A screenshot of the Safari Passwords settings and menu.

Once you’ve entered a password or Touch ID, you’ll see a list of accounts where you’ve saved passwords and usernames. Click on the account that you’d like to view the login information. 

Safari’s password manager will also show a yellow warning icon to the right of each account that has a weak password. To ensure you have maximum security on each of your accounts, take time to update each password that Safari labels as a weak password. 

If you’d like to add or remove a password or username from this password manager, find the “Add” or “Remove” buttons at the bottom of the Password Manager window. 

A screenshot of the "security recommendations available" section of Safari.

To access the password manager on a mobile device, you’ll have to open “Settings” on your mobile phone. Scroll down to “Passwords” and enter your TouchID or your passcode. This will allow you to see and alter any passwords saved on your phone’s browser. 

Firefox

If Firefox is your most commonly used browser, it’s important to know how to use the Firefox password manager. To open the password manager, open a browser window in Firefox. Then click the “Menu” button, and scroll to “Preferences.”

Once you’ve opened the Preferences window, click “Privacy & Security.” Then, scroll down to where it says “Logins & Passwords” and select “Saved Logins.” You should now see a new window that lists your accounts and user names with saved passwords.

Click “Show Passwords” to view a password. When you’re prompted to select “Yes” or “No,” select “Yes.” You’ll now be able to see each of your passwords. 

If you’d like to copy and paste one of the passwords to the site you’re trying to access, simply highlight your desired password and select “Copy” from the Edit menu toolbar. Open a browser window with the site you are trying to access and when prompted to enter your password, select “Paste” from the Edit menu toolbar.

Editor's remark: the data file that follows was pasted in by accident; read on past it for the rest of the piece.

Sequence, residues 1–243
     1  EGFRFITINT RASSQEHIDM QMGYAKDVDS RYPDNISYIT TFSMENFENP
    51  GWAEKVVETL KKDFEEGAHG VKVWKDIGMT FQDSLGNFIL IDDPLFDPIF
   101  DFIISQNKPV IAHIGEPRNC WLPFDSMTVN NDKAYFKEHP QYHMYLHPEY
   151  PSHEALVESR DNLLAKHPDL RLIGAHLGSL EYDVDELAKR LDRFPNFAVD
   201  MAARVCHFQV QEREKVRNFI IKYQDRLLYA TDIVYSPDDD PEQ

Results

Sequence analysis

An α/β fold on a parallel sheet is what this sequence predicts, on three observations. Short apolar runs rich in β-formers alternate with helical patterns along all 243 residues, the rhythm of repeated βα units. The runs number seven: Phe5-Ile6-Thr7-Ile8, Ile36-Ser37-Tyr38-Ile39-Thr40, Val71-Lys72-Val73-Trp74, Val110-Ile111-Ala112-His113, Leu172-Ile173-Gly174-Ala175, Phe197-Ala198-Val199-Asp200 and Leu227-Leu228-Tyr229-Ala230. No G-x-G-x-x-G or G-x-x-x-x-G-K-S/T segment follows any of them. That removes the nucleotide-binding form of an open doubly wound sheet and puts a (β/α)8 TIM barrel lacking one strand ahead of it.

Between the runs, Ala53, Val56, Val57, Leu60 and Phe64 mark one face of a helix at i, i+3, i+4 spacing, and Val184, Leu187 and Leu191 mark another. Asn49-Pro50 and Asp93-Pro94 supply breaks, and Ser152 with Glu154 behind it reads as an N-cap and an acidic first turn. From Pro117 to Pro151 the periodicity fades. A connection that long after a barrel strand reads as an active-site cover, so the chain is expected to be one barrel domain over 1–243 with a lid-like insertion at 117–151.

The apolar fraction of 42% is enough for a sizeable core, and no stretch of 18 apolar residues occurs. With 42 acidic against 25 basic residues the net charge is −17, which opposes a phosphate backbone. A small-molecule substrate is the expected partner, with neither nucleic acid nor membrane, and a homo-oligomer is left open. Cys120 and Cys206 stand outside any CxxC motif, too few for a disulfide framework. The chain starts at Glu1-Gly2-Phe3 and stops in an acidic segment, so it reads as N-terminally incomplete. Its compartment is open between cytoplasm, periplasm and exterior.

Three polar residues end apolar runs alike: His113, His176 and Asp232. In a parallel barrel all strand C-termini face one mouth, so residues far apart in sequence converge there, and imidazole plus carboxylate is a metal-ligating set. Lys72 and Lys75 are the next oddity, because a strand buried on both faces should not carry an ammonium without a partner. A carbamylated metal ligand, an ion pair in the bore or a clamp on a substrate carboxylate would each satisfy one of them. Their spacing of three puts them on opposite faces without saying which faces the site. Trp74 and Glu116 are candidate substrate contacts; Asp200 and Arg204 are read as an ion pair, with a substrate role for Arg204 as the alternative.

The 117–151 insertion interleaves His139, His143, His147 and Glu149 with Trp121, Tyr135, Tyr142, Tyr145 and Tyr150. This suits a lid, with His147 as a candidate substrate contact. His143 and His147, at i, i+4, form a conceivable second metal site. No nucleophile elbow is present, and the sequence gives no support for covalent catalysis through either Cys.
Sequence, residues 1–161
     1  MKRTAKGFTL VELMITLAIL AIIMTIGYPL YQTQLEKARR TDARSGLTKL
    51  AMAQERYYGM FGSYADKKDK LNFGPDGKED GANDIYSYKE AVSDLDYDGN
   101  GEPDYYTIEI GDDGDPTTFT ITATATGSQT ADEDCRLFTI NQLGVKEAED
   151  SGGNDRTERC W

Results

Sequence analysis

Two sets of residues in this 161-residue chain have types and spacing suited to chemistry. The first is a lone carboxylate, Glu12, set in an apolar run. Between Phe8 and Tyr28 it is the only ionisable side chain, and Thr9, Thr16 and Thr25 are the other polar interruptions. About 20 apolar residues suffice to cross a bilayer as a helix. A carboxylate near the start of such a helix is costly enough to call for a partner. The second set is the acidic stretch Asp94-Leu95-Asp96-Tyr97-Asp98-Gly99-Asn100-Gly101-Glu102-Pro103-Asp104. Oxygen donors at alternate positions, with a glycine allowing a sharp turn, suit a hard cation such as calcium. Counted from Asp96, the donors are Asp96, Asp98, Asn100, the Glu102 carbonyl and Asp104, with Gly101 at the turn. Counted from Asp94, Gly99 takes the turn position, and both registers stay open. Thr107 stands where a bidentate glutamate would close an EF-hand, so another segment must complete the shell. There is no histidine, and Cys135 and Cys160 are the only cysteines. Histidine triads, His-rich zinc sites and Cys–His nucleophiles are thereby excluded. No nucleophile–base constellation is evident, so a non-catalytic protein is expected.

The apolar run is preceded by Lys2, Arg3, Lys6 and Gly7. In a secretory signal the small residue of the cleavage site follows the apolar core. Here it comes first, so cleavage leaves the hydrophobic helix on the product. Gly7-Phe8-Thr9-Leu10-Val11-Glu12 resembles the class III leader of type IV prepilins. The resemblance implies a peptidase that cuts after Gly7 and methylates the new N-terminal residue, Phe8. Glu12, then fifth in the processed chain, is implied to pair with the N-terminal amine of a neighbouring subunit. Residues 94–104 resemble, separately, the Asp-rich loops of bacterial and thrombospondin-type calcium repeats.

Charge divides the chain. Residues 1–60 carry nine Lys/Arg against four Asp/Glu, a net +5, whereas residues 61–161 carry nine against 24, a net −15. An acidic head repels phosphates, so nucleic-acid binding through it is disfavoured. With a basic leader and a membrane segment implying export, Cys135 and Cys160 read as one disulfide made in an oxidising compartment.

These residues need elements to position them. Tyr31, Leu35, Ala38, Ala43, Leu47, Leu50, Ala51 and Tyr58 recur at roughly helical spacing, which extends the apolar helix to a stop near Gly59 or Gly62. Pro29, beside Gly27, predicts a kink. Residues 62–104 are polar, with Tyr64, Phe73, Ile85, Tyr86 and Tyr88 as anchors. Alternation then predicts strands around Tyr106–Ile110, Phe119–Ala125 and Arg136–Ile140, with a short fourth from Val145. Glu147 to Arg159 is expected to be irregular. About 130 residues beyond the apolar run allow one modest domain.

Using a password manager will make your life so much easier. It’ll also make your online presence significantly more secure and safe from hacking and data breaches. Keeping your accounts secure is essential for protecting personal information like your credit card numbers, social security information, and other personal and sensitive details. 

If you’re not already using a password manager, it’s time to start. As always, if you are having any kind of difficulty with using a password manager, reach out to HelpCloud technicians for remote support to receive help resolving the issue.

Erik Fullmer

Director of Marketing

Erik was raised in many places in a military family but has long since called Utah home. He spends free time in his garden, in the mountains with his dog, and skis…a lot. He is actively earning the necessary certifications and training to become a certified winter mountain guide.

Erik graduated from Utah Valley University in 2011 with a bachelor’s degree in Behavioral Science and a minor in Spanish. Additionally, being raised by a German mother, he spent a part of his childhood and also the beginning of his professional career in Germany where he worked as a Digital Strategist for adesta, a locally owned business in Darmstadt. Speaking three languages has opened up the world to him and influences the breadth of topics covered in his articles. He has always held an affinity for the world wide web and its workings, development, history and future.

Being a key player in the development of, and Director of Marketing for HelpCloud, he takes the content displayed and utilized on HelpCloud extremely seriously.

Photo of Erik Fullmer